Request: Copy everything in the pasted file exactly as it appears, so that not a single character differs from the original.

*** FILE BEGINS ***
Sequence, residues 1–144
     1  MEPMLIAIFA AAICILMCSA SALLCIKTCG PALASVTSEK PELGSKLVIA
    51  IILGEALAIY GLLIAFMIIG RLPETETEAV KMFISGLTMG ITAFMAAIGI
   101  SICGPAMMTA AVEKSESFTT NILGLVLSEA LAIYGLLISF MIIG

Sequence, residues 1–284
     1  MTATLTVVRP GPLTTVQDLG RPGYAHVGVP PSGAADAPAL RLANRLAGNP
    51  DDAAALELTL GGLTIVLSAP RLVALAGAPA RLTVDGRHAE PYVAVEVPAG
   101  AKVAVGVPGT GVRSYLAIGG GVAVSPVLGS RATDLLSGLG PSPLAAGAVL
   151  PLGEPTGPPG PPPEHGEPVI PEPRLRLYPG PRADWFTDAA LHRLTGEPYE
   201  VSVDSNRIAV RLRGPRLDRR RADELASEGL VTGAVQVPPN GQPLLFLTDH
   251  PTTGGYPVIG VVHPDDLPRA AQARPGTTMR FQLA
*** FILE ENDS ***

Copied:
Sequence, residues 1–144
     1  MEPMLIAIFA AAICILMCSA SALLCIKTCG PALASVTSEK PELGSKLVIA
    51  IILGEALAIY GLLIAFMIIG RLPETETEAV KMFISGLTMG ITAFMAAIGI
   101  SICGPAMMTA AVEKSESFTT NILGLVLSEA LAIYGLLISF MIIG

Sequence, residues 1–284
     1  MTATLTVVRP GPLTTVQDLG RPGYAHVGVP PSGAADAPAL RLANRLAGNP
    51  DDAAALELTL GGLTIVLSAP RLVALAGAPA RLTVDGRHAE PYVAVEVPAG
   101  AKVAVGVPGT GVRSYLAIGG GVAVSPVLGS RATDLLSGLG PSPLAAGAVL
   151  PLGEPTGPPG PPPEHGEPVI PEPRLRLYPG PRADWFTDAA LHRLTGEPYE
   201  VSVDSNRIAV RLRGPRLDRR RADELASEGL VTGAVQVPPN GQPLLFLTDH
   251  PTTGGYPVIG VVHPDDLPRA AQARPGTTMR FQLA